THURSDAY, Jan. 20 (HealthDay News) -- The rate of depression among cancer patients may be lower than previously believed, a new study indicates.
An international team of researchers analyzed 94 studies involving more than 14,000 patients and found that about one-sixth of cancer patients suffer depression and about one-third have a more widely defined mood disorder.
Only modest rates of depression and anxiety occurred in cancer patients in the first five years after diagnosis, which suggests that depression is not inevitable in these patients, the researchers said.
Only when it was combined with other mood disorders was depression common, occurring in 30 percent of hospitalized cancer patients.
The study is published online Jan. 19 in The Lancet Oncology.
Rates of depression and anxiety were not significantly different between patients receiving palliative care (care designed to ease pain and increase comfort in patients with terminal cancer) or non-palliative care (care designed to fight the cancer while easing symptoms). This suggests that the effects that differences in cancer care settings and possibly cancer stage have on depression may have been previously overemphasized, the researchers said in a journal news release.
They also concluded that cancer patients' age and sex do not influence their risk of depression.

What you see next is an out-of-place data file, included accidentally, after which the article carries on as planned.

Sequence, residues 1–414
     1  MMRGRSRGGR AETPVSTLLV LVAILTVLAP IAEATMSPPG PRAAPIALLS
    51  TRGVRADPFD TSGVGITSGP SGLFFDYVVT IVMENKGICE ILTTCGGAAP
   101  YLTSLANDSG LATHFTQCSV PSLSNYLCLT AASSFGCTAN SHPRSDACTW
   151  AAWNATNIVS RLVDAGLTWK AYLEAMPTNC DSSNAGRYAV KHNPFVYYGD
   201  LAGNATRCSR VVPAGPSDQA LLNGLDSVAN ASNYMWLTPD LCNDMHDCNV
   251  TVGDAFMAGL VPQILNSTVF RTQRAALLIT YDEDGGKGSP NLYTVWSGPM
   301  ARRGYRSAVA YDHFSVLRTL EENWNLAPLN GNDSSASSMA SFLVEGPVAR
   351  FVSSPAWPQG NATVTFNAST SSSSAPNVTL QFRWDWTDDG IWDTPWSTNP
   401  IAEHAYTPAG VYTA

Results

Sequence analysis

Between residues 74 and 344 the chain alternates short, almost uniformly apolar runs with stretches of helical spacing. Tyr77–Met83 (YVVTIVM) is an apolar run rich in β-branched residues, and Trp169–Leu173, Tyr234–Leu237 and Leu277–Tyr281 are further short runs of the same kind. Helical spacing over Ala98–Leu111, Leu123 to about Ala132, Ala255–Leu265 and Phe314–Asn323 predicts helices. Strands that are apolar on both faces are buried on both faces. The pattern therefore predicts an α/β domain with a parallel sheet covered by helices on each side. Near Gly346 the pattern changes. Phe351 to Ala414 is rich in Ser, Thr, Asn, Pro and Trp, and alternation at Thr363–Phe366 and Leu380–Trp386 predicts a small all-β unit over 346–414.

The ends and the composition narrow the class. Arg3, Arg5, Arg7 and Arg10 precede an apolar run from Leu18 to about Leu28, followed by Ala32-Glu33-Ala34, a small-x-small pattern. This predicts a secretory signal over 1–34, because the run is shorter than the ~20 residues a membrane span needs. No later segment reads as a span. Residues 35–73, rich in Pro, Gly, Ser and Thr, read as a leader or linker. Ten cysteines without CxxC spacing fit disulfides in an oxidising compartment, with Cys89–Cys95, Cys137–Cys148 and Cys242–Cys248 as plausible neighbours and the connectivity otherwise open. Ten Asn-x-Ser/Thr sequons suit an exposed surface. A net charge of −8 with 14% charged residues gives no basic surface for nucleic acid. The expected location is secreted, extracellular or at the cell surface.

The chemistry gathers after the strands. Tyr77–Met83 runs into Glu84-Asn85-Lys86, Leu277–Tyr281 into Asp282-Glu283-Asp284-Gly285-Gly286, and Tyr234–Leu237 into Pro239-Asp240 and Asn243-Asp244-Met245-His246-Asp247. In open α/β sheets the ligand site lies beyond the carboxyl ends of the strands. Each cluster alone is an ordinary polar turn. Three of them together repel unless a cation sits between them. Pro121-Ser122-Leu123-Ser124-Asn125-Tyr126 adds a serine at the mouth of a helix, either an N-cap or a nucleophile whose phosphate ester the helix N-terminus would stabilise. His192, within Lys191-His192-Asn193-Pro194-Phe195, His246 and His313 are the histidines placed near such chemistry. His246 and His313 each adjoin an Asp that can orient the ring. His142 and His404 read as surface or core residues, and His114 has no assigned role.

"Although these rates (of depression) are modest, this group of patients should not be overlooked. Improvements in survival and high prevalence of most cancers actually increase rates of depression, amounting to what we estimate to be 340,000 people in the UK and 2 million in the USA with major depression and cancer at any time," noted the researchers in the release.
"Our study shows that depression alone is not as common as previously thought in cancer settings, occurring in one in six patients, about the same as the rate seen in primary care settings. Although depression remains an important and overlooked complication of cancer, clinicians must also be vigilant for other related emotional problems such as anxiety, adjustment disorder or simply any form of significant distress," concluded the researchers, who stressed that "there is still an urgent need" for screening programs to detect depression, anxiety and mood disorders among cancer patients.
The U.S. National Cancer Institute has more about cancer patients and depression.
-- Robert Preidt
SOURCE: The Lancet Oncology, news release, Jan. 18, 2011
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